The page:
Yesterday I noticed that my husband was looking as some pictures of our Sabbatical journey two summers ago. My eyes fell on one of his pictures of Akrotiri which is a little village on the south end of the island of Santorini in Greece. Right next to the village is an archaeological dig into what is called Ancient Akrotiri.
Ancient Akrotiri is the remains of a village of 30,000 people who were living on Santorini in 1500 B.C. when the volcano at the center of Island exploded, collapsing the core of Santorini and reducing the island to only the rim of its original shape. Like Pompeii the resulting lava acted as a natural preservative for the town, only the Akrotiri eruption happened 1500-1600 years earlier that Ponpeii’s. Unlike Pompei there are no human remains, and the most valuable personal items are not present indicating the people had time to pack up their valuables and leave the Island. These people were the Ancient Minoans, originally from Crete. It’s likely they returned to Crete for safety, but the volcanic eruption on Santorini created a huge tidal wave estimated to have been 820 ft high moving at a speed of 217 miles per hour. It reached Crete in half an hour, and many historians believe this tidal wave is what destroyed the Minoan civilization.
Visiting the archeological site of this ancient community was a pretty awesome experience. I can hardly do justice to describing this ancient civilization. Their homes were surprisingly large with several rooms in each home. Many of them were two and three stories high with steps leading from one floor to another. They had running water, indoor lavatories and a city sewer system! They also had incredible artwork on the walls – most of which has been taken to the Archeological museum in Athens in order to preserve these treasures.
I remember being stunned by the advance nature of the Minoan civilization at Akrotiri as I tour the site of the dig. I guess I expected people living on an island 1500 years before Christ to be living in tents or huts. How could these people have had 3 story buildings, running water, lavatories, city sewer systems and such beautiful artwork, I wondered, when 100 years ago most Americans were still using outhouses? As I continued to ponder, I realized I had bought into the assumption that we, in the 21st century, are somehow smarter and more cultured than ancient peoples. It’s a dangerous assumption.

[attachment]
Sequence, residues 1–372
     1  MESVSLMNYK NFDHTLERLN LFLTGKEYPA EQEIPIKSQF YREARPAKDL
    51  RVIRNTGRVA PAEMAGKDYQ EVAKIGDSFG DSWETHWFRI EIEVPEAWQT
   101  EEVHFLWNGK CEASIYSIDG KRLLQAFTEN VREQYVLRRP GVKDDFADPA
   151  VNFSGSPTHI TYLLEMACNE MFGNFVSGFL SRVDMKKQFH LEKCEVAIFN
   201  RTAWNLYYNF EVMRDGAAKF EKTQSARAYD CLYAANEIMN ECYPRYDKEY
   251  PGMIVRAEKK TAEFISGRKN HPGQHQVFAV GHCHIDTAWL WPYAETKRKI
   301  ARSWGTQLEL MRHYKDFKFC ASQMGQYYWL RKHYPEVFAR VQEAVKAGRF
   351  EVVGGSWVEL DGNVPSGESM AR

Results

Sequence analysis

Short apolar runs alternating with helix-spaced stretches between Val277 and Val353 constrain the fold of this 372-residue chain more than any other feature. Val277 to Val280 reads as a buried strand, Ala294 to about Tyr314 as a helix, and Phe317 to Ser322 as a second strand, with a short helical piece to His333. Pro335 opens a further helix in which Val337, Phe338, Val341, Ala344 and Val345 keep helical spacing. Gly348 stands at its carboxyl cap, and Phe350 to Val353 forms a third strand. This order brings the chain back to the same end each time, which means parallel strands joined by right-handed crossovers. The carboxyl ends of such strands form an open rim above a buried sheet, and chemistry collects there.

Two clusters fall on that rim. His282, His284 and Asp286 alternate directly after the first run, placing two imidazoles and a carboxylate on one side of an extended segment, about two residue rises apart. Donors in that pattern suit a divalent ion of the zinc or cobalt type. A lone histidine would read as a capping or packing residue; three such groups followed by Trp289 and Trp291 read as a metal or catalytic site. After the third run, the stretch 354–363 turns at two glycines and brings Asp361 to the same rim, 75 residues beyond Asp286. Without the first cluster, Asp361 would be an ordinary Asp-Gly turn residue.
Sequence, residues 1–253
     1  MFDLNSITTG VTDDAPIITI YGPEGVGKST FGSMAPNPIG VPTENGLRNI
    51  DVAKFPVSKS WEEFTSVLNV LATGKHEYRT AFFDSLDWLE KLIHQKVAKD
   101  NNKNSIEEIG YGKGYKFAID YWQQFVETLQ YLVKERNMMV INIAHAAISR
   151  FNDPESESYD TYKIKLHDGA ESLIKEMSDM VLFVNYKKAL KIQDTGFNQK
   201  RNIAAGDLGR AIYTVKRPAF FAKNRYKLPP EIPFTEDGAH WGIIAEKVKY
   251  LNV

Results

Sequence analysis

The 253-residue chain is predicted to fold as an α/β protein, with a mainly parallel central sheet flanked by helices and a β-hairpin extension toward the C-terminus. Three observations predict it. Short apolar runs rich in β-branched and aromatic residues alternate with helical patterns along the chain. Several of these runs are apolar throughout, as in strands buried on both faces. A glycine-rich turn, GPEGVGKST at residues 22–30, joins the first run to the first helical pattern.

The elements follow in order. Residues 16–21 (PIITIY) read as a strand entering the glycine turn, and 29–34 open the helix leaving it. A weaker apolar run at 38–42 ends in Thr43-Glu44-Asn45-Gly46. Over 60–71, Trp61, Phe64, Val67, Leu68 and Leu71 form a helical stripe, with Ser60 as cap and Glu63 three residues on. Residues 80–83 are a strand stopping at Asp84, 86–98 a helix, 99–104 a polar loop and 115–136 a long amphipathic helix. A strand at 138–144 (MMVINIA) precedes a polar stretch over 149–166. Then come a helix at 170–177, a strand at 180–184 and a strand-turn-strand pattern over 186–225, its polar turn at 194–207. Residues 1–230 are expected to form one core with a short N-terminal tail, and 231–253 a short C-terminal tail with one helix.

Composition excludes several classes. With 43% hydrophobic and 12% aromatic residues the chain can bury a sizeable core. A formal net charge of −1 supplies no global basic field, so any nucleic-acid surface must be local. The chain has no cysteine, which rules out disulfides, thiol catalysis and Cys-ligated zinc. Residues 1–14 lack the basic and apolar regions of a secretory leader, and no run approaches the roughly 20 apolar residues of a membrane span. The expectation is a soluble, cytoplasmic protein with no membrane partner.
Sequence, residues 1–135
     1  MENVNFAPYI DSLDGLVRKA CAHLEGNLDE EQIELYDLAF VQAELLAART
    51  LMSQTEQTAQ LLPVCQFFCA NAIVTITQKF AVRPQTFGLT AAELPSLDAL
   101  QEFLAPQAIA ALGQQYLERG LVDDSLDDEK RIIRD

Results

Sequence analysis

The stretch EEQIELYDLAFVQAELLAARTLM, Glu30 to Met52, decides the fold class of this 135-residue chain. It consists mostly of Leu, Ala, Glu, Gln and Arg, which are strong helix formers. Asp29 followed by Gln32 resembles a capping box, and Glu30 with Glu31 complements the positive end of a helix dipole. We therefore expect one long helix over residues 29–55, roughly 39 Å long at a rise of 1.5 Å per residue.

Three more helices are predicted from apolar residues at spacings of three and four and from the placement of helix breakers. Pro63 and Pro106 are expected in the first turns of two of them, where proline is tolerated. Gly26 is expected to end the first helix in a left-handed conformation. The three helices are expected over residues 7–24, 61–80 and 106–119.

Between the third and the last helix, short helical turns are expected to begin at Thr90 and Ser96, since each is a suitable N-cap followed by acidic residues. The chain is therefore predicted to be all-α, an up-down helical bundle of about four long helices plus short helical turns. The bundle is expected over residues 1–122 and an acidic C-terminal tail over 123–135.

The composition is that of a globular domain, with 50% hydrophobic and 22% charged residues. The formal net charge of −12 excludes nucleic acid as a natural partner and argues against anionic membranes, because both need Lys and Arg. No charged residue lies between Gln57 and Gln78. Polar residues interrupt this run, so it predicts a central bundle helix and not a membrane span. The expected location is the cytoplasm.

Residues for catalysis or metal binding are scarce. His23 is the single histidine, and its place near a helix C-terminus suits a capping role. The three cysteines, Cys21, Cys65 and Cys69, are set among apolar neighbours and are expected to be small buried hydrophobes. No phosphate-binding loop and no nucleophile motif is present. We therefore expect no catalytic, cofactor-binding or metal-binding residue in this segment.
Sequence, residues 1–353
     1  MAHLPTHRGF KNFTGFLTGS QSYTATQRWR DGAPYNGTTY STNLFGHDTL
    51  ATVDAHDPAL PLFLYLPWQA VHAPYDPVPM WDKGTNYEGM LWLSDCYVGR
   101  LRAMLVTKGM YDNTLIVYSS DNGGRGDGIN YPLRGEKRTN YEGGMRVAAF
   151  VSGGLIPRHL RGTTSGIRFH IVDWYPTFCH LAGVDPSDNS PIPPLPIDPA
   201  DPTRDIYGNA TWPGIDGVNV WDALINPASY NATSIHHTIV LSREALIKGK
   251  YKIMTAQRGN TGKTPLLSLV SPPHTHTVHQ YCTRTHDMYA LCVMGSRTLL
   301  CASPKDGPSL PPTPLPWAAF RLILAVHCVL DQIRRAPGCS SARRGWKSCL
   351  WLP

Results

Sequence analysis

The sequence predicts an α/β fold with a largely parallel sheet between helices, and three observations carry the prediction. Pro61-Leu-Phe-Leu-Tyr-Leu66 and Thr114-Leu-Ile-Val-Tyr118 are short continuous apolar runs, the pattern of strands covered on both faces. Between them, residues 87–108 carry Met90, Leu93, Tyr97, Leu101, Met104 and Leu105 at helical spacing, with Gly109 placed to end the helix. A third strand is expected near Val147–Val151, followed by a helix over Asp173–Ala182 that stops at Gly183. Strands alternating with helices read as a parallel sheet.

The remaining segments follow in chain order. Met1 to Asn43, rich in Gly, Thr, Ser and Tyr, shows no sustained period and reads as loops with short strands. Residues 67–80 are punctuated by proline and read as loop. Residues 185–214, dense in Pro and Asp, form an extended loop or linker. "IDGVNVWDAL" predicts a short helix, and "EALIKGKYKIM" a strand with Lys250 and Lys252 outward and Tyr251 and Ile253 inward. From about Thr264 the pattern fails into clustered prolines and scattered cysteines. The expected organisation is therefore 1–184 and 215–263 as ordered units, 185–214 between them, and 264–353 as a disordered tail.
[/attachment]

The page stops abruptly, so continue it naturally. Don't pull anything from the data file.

Long before we were born ancient peoples lived and worked and loved and invented and created. It is who God created us to be. Just as we marvel as some of the wonderful developments of our own time, we can also pause to marvel as the amazing ingenuity and artistry of days gone by. And although we shake our heads at the ancient Minoans for not anticipating the tidal wave that would destroy their civilization, we need to also remember that a microscopic virus has recently brought our world to its knees. Maybe we aren’t so different.
Paul writes in the book of Romans, “Everything that was written in the past was written to teach us, so that through the endurance taught in the Scriptures and the encouragement they provide we might have hope.” (Rom. 15:4) We would do well to listen to our parents and grandparents and the generations that came before… long before. There is wisdom, honor and beauty in the years, and even centuries that came before.
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